Point of Reference
by Fred Price
Last week we examined a number of instances of people caught up in sin who reacted in several different ways. Sorrow that was superficial or immobilizing and consequently counter-productive, or deeply felt motivation for change. This week we will try to understand why some people become totally consumed by the consequences of their sin while others pick up the pieces – repentant and humbled – yet able to make a difference, finding inspiration in the process.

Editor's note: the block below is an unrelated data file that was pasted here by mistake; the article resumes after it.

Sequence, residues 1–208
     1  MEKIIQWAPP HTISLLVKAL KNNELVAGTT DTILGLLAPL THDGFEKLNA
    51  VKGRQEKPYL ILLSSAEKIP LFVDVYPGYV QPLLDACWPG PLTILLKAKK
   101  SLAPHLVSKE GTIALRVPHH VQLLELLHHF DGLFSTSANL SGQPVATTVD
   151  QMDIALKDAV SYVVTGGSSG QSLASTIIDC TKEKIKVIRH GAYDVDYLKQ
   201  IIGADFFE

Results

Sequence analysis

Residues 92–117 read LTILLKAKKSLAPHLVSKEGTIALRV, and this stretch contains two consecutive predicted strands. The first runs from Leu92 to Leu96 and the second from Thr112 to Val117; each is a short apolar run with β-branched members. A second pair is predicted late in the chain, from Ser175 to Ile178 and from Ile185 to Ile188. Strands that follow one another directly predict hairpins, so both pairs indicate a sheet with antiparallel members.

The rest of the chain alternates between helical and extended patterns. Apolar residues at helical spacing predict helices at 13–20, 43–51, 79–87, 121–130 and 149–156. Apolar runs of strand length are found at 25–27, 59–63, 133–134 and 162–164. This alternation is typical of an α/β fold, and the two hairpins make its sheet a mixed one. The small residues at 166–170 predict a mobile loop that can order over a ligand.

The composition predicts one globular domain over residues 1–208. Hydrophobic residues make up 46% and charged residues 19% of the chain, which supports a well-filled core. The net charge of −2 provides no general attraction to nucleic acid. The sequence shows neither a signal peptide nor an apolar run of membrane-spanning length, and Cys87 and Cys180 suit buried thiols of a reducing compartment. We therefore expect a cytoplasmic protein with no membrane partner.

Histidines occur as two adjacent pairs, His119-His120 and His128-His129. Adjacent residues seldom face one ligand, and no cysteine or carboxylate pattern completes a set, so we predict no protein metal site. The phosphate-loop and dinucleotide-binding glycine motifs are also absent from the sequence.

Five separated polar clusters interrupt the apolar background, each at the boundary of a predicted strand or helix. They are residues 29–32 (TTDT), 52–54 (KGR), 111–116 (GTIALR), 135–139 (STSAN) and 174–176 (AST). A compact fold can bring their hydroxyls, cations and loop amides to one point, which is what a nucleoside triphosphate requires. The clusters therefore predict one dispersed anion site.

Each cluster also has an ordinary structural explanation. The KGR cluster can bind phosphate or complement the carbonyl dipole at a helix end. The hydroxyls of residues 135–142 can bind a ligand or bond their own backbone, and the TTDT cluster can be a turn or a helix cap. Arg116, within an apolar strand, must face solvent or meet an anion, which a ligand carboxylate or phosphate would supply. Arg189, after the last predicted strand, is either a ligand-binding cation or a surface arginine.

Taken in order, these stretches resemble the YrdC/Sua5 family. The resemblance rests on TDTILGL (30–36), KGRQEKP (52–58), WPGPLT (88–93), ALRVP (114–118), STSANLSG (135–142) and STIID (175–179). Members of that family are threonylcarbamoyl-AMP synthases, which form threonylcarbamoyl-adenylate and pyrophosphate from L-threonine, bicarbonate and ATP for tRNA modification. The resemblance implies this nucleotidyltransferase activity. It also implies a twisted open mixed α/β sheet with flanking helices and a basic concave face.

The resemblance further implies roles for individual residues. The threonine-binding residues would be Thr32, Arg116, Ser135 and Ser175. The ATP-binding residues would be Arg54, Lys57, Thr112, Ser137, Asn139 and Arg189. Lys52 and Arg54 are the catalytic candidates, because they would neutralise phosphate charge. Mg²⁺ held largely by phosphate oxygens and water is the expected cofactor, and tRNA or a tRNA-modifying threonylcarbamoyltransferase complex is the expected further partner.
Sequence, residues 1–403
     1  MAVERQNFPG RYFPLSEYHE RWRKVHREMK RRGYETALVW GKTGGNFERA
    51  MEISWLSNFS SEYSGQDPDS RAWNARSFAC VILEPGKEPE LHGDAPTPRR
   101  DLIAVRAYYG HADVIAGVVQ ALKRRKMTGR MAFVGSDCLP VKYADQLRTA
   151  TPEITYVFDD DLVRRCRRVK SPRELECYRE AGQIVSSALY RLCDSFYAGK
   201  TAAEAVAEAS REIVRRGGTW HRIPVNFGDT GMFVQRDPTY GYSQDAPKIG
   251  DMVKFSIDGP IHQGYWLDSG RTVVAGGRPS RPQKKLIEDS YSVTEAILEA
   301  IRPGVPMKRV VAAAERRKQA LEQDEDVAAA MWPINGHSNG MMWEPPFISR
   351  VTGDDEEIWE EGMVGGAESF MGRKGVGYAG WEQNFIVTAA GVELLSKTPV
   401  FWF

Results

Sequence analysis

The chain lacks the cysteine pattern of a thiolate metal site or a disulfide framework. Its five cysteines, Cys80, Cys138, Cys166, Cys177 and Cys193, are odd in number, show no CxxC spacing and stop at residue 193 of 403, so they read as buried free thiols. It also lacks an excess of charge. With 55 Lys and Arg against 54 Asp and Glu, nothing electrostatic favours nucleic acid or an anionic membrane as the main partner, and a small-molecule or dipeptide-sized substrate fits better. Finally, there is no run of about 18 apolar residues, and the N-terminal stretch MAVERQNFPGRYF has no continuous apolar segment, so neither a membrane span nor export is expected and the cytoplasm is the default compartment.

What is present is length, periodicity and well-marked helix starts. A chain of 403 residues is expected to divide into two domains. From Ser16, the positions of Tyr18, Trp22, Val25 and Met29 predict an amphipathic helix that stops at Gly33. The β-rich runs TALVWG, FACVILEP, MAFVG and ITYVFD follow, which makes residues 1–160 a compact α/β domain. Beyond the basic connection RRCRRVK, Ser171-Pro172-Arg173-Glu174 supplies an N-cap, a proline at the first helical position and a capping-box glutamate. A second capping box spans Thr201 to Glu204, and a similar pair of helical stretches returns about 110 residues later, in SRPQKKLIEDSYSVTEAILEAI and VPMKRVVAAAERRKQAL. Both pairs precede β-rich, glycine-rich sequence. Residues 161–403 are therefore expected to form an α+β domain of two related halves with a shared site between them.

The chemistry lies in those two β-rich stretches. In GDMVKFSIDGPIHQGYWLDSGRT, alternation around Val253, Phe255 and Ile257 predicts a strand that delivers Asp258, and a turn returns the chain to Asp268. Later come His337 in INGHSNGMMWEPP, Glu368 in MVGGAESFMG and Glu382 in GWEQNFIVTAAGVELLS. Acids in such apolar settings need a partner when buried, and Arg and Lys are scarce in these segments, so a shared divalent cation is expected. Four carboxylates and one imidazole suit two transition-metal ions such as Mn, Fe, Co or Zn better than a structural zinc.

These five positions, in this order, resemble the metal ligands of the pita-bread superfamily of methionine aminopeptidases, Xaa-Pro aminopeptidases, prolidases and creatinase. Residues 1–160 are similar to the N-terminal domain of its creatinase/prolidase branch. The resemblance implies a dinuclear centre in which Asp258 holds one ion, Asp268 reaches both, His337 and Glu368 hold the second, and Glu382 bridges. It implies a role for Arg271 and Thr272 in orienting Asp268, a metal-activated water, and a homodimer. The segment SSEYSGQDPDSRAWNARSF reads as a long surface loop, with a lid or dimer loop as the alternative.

Godly sorrow acknowledges God as the highest authority, accepts moral absolutes relating to right and wrong and the guilt of sin. This then fosters an expectation of something better after sorrow and repentance has been expressed and every effort made to right the wrong. With worldly sorrow, the guilty party often has a hard time accepting responsibility. “I couldn’t help myself.” – “He or she made me do it!” (Remember Adam and Eve?) “I couldn’t control myself ” – “The devil made me do it!” (When in reality he can’t make you do anything. Sometimes we just want to do wrong more than we want to be right.) Worldly sorrow does not wholly acknowledge God as the highest authority, moral absolutes, God’s claim on our lives or the benefit of repentance, forgiveness, and restitution; being unable then to face an angry God they feel is intent only on punishment and revenge.